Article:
compulsive-skin-picking

things you know if you’re a skin-picker

May 15, 2018 Roobs Leiser

(and things you should know if you’re not) 

i've spoken about compulsive picking before, but never in much detail. it definitely resides within that privileged 'acceptable' sphere of mental health disorders alongside depression & anxiety (let's not pretend that schizo spectrum disorders aren't still stigmatised on a whole other level) but, nevertheless, any disorder that contains an element of self-mutilation is always going to earn you the side-eye from some people. so here are some facts that you definitely already know if you do it (but it's nice to hear you're not alone) and that you should know if you're lucky enough to not do it (because being supportive of someone by actually understanding what they're going through makes all the difference).

  1. it isn’t self-harm. there’s a distinct lack of sympathy for mental health conditions that see sufferers doing things to harm themselves. something about doing yourself physical damage stirs up real disgust in a lot of people, and i think this is why so many sufferers of BFRBs (body focused repetitive behaviours) - especially skin-picking due to the drawing of blood - are ashamed to talk about it. skin-picking is, actually, from a clinical perspective almost the opposite of self harm - which is generally inflicted as a way of dealing with difficult emotions/thoughts/situations/experiences. the urge to pick, however, is so strong that it actually overrides pain sensations and lets you finish the job, so to speak.
  2. it’s a vicious cycle. while the definitive cause of skin-picking is still unknown, the cyclical nature of the process gives us an insight into the psychological aspect of the disorder. what starts with an urge or ‘itch’ to pick at something - usually because you feel your fingertip skim over a bit of dry skin or you catch sight of a spot as you pass a mirror - soon mutates into an exponentially increasing feeling of tension that you know can only be resolved by picking/squeezing the particular culprit. doing so, however, simply opens the floodgates and before you know it you’re excavating the nail bed of the neighbouring finger or you’ve tied your hair back for a proper go at your face. while the act of picking/squeezing acts as instantaneous relief from the urge, you’re then left with the inescapable feelings of shame, guilt, and self-loathing that contribute to the stress/anxiety which makes you want to pick/squeeze in the first place.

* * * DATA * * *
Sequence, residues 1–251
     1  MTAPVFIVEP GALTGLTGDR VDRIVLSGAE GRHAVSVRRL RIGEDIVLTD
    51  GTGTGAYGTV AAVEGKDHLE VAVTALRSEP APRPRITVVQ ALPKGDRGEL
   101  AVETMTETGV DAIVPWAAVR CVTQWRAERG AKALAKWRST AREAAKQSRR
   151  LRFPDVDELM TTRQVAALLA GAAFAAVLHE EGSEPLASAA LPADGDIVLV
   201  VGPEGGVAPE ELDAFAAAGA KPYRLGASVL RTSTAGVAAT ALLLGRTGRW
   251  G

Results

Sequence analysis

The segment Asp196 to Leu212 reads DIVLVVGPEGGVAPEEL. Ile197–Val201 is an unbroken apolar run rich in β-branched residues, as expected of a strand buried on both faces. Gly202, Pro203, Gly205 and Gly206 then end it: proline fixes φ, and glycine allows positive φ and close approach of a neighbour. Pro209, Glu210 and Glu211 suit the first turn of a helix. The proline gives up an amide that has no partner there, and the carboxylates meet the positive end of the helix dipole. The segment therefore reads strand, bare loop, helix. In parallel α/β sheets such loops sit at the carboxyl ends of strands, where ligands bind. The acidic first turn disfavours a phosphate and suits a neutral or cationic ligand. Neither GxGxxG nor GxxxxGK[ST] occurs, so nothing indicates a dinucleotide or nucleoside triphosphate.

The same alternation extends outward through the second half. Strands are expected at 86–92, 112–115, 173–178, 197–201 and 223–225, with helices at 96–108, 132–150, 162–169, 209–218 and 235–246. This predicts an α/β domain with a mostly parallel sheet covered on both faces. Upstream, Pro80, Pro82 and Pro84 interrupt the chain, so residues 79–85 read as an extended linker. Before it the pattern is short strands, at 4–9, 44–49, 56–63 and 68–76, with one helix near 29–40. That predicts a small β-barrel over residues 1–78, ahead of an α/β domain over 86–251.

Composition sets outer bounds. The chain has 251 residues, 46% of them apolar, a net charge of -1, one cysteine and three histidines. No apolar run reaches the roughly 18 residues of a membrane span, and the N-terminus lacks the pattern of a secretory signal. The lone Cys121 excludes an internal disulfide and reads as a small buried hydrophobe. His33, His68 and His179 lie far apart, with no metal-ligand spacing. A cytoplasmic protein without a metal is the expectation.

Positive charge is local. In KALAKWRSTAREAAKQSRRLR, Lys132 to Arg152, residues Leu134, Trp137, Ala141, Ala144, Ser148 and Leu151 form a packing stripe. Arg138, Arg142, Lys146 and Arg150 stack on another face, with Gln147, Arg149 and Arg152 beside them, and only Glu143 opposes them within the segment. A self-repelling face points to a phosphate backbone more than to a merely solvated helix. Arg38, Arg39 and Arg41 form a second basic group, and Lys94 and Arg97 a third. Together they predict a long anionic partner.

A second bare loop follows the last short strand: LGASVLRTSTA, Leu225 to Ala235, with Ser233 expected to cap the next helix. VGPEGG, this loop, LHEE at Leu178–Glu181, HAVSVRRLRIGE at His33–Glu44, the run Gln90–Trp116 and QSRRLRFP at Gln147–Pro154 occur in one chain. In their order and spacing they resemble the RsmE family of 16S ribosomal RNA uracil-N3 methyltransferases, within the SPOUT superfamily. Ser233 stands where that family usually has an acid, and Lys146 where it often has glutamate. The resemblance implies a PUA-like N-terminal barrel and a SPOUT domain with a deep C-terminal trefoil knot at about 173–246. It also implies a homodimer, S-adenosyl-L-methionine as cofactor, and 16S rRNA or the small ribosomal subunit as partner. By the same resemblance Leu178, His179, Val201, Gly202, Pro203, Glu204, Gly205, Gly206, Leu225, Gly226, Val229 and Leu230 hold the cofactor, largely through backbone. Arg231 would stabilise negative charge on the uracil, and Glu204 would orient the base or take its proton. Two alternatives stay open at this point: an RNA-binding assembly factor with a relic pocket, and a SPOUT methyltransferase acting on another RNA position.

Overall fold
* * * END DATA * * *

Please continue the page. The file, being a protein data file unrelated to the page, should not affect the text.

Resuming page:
3. it takes different forms. most of my finger-picking is automatic, while my face-picking is focused. my fingers ‘pick themselves’ often without me noticing until someone (usually my always on-watch boyfriend because he’s wonderful) tells me to stop OR when i realise i’m bleeding. as long as my fingers can feel each other, and therefore feel the crevices left by previous picking, i won’t be able to stop myself. if i can feel the bits ‘needing’ to be picked, i’ll pick them. there have been occasions when i’m literally saying the words ‘ok i’m gonna try so hard not to pick’ only for bf to point out that i’m doing it as i speak. my face-picking, however, is a whole other monster. i’ll scan every square millimetre of my face to find the bits ‘needing’ squeezed. no pore is safe. and when there are aren’t bits to be seen, i’ll run my fingers over my skin until i find a bit that *feels* problematic. and, of course, squeezing perfectly fine pores with, by this point, not particularly clean fingers only leads to actual spots in said pores, just begging to be squeezed.
  4. it feels like gambling. this is how i often describe it for people who can’t relate. for me, the process is addictive. when i come across a ‘good’ pore that’ll yield me something to squeeze out, i feel like i’m on a winning streak and that the next one will be as satisfactory. when i get a disappointingly empty pore, i feel like i owe myself one more go at another one to make up for missing out. interestingly, gambling used to be listed in the same category as impulse control disorders like skin-picking in the bible of psychological disorders before being redefined as an addiction with the latest edition of the manual (DSM5). squeezing my face feels like a treat that i shouldn’t really be having. sometimes i find myself thinking ‘ok you’re allowed 3 more shots to find a good one’. …then you low-key hate yourself.
  5. it's a black hole. the normal passage of time ceases to exist when you get in the zone. i’ve rocked up to the mirror to get a particularly troublesome spot that’s causing me actual pain and does legitimately need popped. suddenly it’s 2 hours later and my face is puffy, my skin is red raw, and the mirror’s steamed up from me having to get close enough to see the damage i’m doing in better detail. of all the disturbing aspects of my impulse control disorder, it’s this genuinely trance-like state that both scares and shames me the most. i honestly don’t know where the time goes. i have lost a lot of time to compulsively ripping at my own flesh.